The Federal Communications Commission this week is widely expected to release its plan to reverse Obama-era net neutrality rules that banned internet service providers from blocking or slowing down content or creating so-called “fast lanes” for companies willing to pay extra to deliver their content more quickly.
We don’t know the details of the plan yet, but Republican FCC chair Ajit Pai made it clear earlier this year that, at the very least, he plans to overturn a decision that reclassified broadband internet providers as “common carriers,” like telephone companies. If internet providers are no longer considered common carriers, it would be hard for the FCC to enforce any rules against slowing down certain sites or apps.
Barring a last-minute change of heart by one of the three Republican commissioners, the order will likely be approved during the agency’s next open meeting on December 14.
Jettisoning net-neutrality rules would make it easier for companies like AT&T, Comcast, and Verizon to give their own streaming video services priority over others, such as Amazon Prime or Netflix. It could also make it easier for companies to impede voice and messaging tools like Skype and WhatsApp.
Of course well-established services from deep-pocketed companies like Google, Facebook, and Microsoft will likely remain widely available. But net-neutrality advocates argue that smaller companies that don’t have the money to pay for fast lanes could suffer. In other words, protecting net neutrality isn’t about saving Netflix, but about saving the next Netflix.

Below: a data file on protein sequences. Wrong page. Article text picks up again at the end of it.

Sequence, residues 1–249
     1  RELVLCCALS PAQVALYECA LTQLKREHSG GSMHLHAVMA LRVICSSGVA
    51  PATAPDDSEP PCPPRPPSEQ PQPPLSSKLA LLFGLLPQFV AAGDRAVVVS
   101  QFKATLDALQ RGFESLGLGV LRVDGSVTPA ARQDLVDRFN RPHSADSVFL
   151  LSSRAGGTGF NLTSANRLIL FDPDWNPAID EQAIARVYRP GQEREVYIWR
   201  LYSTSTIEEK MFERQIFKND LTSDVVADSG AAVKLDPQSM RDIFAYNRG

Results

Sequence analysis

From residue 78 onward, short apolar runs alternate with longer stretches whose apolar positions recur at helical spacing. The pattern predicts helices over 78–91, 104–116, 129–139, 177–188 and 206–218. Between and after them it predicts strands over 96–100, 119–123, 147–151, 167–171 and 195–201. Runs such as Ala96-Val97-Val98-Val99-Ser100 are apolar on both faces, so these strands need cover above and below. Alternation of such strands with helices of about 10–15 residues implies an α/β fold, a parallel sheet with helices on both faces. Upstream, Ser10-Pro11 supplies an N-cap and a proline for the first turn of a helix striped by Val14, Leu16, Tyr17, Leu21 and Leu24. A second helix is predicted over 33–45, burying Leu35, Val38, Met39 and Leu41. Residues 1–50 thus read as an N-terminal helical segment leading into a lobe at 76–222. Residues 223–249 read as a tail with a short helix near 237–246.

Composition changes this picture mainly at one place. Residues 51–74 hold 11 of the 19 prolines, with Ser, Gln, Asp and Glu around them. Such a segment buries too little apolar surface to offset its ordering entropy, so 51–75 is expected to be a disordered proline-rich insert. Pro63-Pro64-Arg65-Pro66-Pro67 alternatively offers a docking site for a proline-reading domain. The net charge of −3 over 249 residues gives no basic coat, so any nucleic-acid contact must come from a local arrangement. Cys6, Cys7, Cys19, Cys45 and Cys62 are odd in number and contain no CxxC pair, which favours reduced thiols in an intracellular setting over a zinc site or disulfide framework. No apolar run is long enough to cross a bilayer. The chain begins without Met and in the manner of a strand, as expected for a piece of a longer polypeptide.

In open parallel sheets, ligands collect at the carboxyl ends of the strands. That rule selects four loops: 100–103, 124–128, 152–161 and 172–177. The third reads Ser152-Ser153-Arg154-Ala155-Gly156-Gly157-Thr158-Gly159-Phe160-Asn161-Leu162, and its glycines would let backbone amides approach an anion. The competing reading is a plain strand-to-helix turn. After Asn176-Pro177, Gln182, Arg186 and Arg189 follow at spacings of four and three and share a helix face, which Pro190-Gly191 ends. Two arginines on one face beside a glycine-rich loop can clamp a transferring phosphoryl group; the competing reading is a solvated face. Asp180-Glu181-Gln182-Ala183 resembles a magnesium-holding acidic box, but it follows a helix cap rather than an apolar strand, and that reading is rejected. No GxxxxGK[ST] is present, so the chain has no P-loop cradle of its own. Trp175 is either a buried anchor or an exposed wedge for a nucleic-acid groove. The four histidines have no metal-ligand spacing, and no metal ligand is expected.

Previous FCCs have largely agreed. The agency first moved to protect net neutrality in a 2005 policy statement declaring that internet users had a right to access the content and services of their choosing. Under that policy, the FCC in 2008 ordered Comcast to stop slowing BitTorrent connections; the cable giant challenged the ruling, arguing that the agency had overstepped its authority, and won. The Obama-era FCC passed a more robust set of rules in 2010, but those were struck down in 2014 following a lawsuit filed by Verizon.
Under then Chair Tom Wheeler, the FCC then decided that the best way to ensure its authority to enforce net-neutrality rules was to reclassify broadband internet providers as common carriers.
Despite broad support for net neutrality among both Democratic and Republican voters, Republican politicians rallied against Wheeler’s net-neutrality rules before they even passed. US Senator Ted Cruz of Texas called net neutrality “Obamacare for the Internet,” and Donald Trump warned, nonsensically that it would “target conservative media.” The FCC ultimately passed the rules along a party-line vote.
Narrowing the rules
Pai has narrowed the scope of the rules since taking over as chair in January. In February, for example, he ended an investigation into whether AT&T and Verizon used data limits for anticompetitive purposes, effectively ruling that the two companies could exempt their own video services from customers’ data caps but still charge for data used by their competitors’ services.
If the FCC approves the plan next month, it likely would take effect early next year. Comcast, the nation’s largest home internet provider, is banned from blocking or throttling content under the terms of its 2011 merger with NBCUniversal, but that ban expires next year. Charter faces similar rules as the result of its merger with Time-Warner Cable that don’t expire until 2023.
Before it is even approved, consumer groups are already preparing to challenge the new order in court. The Administrative Procedure Act act bars federal agencies from making “arbitrary and capricious” decisions, in part to prevent federal regulations from yo-yoing every time a new administration is in court. Given the agency just defended the original net neutrality order in court last year, consumer groups may have a case that Pai’s new order is capricious.
Congress also could intervene. Despite earlier lawsuits by Comcast and Verizon, the broadband industry now says it would welcome laws banning blocking and throttling content so long as providers aren’t classified as common carriers. Whether Congress would or could actually draft a robust net neutrality order is another question entirely.